Administrators and educators along with ed tech developers should view their failures as progress. User-friendly apps such as the Chrome extension Stackup help teachers feel comfortable with their simple platform and setup, but more importantly, the developers at Stackup work directly with teachers so that they can continually improve their app to better accommodate the needs of educators.

Districtwide Support Bolsters Teacher Success

School districts need to offer educators the support they need to understand new digital teaching technologies.

Training courses, weekend intensives and pre-made video tutorials are all ways that schools can support their educators at a low cost. But most importantly, teachers need to feel supported from all areas, from administrators and colleagues to tech developers. If teachers feel as though they can make mistakes, then they will be more willing to try new things and use these failures to help refine digital learning.

Peer-to-peer support is a vital technique. Education specialist Valerie Lewis believes educators should be helping each other in their teaching. She suggests that fellow teachers share their research with one another in order to save time on lesson plans.

“At the end of the day, I need to be able to go through and say, ‘Hey, I found these sources. Now I need some time so I can plan,’ and maybe that's where administrators support us,” Lewis says on the EdTech NOW podcast. “That's where my team of same-grade level peers can go through and we can divvy that up and come together and put it together on some type of resource.”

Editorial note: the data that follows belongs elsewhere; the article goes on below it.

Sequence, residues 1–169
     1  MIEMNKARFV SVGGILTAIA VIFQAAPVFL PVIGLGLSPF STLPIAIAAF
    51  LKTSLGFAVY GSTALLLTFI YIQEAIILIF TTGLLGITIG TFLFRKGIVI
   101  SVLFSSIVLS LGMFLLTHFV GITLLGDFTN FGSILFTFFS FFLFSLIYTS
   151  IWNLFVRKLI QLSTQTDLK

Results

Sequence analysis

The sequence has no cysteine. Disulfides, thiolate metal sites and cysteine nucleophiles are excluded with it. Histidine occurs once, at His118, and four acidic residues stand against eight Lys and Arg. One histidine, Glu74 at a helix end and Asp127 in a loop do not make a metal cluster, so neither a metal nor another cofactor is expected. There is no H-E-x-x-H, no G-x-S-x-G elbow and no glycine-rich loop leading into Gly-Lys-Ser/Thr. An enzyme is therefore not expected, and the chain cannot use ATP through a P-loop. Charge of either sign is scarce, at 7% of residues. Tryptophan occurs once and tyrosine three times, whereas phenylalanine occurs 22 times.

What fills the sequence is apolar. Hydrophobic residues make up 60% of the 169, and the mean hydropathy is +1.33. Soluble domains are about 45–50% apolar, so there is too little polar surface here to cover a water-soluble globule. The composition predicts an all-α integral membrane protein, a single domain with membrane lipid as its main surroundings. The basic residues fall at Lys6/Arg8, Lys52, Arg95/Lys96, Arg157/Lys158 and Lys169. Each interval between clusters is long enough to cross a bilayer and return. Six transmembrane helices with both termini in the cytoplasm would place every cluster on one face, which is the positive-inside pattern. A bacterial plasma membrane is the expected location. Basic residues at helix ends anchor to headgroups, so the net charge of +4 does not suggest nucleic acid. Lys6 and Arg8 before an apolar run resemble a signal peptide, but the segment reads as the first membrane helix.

Sharing research is great. We often do it at our school. With new tech, if teachers can't meet together and practice, they won't try to integrate it into their lessons. They need to be in the same room comparing notes and trying apps.

New Tech Should Make a Teacher’s Life Easier

When I think about teachers working together to share digital techniques and new apps, I think of the most powerful reasons we educators are pushing on into the digital frontier.

We want to do the best job we possibly can for our students without creating more work than we need. The mantra “work smarter, not harder” reigns true because, like in any profession, overworked employees often yield disappointing results.

Usually, digital assessment tools are only praised for their instant grading. With tools such as Socrative, Quizlet and Google Forms, teachers can introduce a lesson and assess those skills within the same class period. Students receive instant feedback, giving teachers more student data faster than they could ever grade.

With the burden of grading taken away, teachers can focus more on developing new and innovative ways to track student learning and growth.

Now is the time for educators to get on board with digital learning and embrace all of the benefits it can offer. Through support from colleagues and school districts, confidence in digital learning will grow.

If students see their teachers taking educational risks, then they will feel more empowered to do the same. We show the way to becoming lifelong learners.

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Oct 30 2017